Wal-Mart comes to Chicago
As part of my ongoing Wal-Mart coverage, the City Council voted yesterday on proposals for two Wal-Mart stores to be opened within the city limits. The Chicago Tribune‘s Dan Mihalopoulos — who seems to have the Wal-Mart beat — reports on a split decision: Rejecting concerns that allowing Wal-Mart to open shop in Chicago would ...
As part of my ongoing Wal-Mart coverage, the City Council voted yesterday on proposals for two Wal-Mart stores to be opened within the city limits. The Chicago Tribune's Dan Mihalopoulos -- who seems to have the Wal-Mart beat -- reports on a split decision:
As part of my ongoing Wal-Mart coverage, the City Council voted yesterday on proposals for two Wal-Mart stores to be opened within the city limits. The Chicago Tribune‘s Dan Mihalopoulos — who seems to have the Wal-Mart beat — reports on a split decision:
Rejecting concerns that allowing Wal-Mart to open shop in Chicago would depress wages and destroy local businesses, the City Council voted Wednesday to permit the retail giant’s first store in Chicago on the West Side. Aldermen denied the company a total victory, as plans for a second store on the South Side came up one vote short of approval. But the plan for that store, in the 21st Ward, could be brought up for another council vote as soon as June 23…. Since council members first raised objections to Wal-Mart’s plans in March, Chicago has become the most recent high-profile battleground in the national fight over the company’s push to open stores in urban areas. Unions and community groups mobilized opposition in recent weeks, highlighting Wal-Mart’s distaste for organized labor and deriding the company’s wages and benefits. As in other parts of the country, those complaints clashed with the desire to bring new stores and their bargain-priced goods to minority neighborhoods. Ald. Emma Mitts said her economically depressed 37th Ward is in dire need of a new store and the 300 jobs that the West Side Wal-Mart promises. “This is a free country, and we look for low prices,” she said. In the end, though, the council’s split on the two plans may have been determined by black aldermen who wanted to teach a harsh lesson to a freshman member accused of lacking proper respect for more senior council members. All but two African-American aldermen at the meeting supported Mitts and her quest for a Wal-Mart in the Austin neighborhood. Yet, some of those same aldermen voted against the plan on the South Side for the Chatham section of the 21st Ward, represented by Ald. Howard Brookins. South Side aldermen who split their votes said they sided with Mitts because she aggressively sought their backing, pointedly noting that Brookins ignored them and took their support for granted–until his proposal became the subject of wide debate. “[Brookins] didn’t do his homework,” said Ald. William Beavers (7th), who supported both Wal-Mart proposals. Aldermen voted 32-15 to approve the zoning change required for a Wal-Mart store at Grand and Kilpatrick Avenues on the West Side. Brookins apologized for his lapse of aldermanic etiquette, but his contrition was not enough to win support for a 50-acre shopping center that also would include an Office Depot and a Lowe’s home-improvement store. Aldermen voted 25-21, one vote short of approval, on the plan for the site of a former steel plant at 83rd Street and Stewart Avenue…. Wednesday’s outcome allowed both sides in the dispute to claim some success. “Any time we get to better serve our customers, it’s a huge deal,” Wal-Mart spokesman John Bisio said. “A half a loaf is better than none,” said Ron Powell, president of United Food and Commercial Workers Local 881.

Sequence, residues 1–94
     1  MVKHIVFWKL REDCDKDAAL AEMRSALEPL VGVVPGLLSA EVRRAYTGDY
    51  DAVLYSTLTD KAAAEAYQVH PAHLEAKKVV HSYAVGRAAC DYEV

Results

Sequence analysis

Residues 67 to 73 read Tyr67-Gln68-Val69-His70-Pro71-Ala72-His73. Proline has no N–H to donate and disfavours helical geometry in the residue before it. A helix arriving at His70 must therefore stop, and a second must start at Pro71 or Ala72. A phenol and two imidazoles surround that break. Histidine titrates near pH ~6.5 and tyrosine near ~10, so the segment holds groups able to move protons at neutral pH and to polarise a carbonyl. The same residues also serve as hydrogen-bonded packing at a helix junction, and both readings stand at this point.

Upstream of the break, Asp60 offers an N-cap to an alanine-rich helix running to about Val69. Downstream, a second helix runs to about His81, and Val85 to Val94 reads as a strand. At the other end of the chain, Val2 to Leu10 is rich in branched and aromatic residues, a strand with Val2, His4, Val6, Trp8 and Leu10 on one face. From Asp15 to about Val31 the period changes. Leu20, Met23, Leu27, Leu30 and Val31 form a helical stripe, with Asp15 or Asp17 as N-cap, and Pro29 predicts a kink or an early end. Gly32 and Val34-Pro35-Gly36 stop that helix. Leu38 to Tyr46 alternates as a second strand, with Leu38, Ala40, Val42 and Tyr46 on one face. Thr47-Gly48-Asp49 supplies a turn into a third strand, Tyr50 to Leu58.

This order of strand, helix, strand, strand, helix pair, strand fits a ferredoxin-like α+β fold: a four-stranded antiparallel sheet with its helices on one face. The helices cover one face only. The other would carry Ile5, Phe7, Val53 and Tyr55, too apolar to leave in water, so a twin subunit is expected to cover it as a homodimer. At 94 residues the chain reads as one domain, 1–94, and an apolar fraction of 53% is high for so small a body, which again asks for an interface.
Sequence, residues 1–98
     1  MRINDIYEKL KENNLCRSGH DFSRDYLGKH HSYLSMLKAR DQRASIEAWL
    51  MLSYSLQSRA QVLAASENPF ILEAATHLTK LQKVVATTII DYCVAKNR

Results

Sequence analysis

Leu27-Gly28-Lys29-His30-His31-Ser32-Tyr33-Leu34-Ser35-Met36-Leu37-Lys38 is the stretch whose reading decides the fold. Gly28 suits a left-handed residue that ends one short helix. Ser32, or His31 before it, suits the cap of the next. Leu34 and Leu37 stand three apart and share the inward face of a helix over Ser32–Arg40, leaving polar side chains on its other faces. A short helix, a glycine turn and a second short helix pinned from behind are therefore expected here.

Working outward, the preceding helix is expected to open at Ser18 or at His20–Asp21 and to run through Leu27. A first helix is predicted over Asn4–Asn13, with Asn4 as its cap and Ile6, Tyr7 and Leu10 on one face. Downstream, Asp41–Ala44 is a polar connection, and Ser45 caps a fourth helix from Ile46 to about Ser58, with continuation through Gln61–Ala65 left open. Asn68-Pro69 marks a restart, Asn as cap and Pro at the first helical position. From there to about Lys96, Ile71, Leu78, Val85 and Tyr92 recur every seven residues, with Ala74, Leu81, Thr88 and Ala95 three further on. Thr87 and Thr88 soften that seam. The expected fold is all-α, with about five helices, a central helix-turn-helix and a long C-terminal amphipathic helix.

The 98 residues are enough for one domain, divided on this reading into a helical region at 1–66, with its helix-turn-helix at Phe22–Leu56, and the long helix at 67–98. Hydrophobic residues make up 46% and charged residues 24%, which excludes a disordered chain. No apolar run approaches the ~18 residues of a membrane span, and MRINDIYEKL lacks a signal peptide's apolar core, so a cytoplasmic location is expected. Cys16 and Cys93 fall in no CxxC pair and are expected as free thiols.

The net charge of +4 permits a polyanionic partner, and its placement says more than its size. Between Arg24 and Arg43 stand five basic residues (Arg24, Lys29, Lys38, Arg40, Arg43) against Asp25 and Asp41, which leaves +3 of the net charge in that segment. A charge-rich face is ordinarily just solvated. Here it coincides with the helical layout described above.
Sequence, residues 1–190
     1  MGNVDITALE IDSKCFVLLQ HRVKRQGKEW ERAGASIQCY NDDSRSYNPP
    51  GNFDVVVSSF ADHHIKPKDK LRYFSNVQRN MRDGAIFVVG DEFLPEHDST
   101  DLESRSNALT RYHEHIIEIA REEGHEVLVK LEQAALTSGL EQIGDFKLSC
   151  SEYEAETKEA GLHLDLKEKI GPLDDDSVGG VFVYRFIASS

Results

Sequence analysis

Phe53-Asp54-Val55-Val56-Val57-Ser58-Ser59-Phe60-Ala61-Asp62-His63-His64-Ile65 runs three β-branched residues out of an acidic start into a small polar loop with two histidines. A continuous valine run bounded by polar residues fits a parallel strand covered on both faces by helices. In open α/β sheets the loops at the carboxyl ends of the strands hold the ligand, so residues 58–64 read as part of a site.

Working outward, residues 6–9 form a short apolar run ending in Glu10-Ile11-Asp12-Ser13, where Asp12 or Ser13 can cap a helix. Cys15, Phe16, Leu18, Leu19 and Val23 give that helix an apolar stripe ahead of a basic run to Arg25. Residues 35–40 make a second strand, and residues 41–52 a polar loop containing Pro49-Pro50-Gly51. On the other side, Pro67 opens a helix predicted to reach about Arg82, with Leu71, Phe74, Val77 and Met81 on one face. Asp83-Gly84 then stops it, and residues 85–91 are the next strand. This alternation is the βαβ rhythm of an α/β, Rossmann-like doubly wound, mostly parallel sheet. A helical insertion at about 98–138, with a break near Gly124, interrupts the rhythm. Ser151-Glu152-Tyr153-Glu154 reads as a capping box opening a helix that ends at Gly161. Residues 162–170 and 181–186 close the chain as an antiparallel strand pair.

Actually, it reads to me as if the union was just lucky it was up against an inexperienced alderman, and got a temporary victory at best.
Daniel W. Drezner is a professor of international politics at the Fletcher School of Law and Diplomacy at Tufts University and co-host of the Space the Nation podcast. Twitter: @dandrezner
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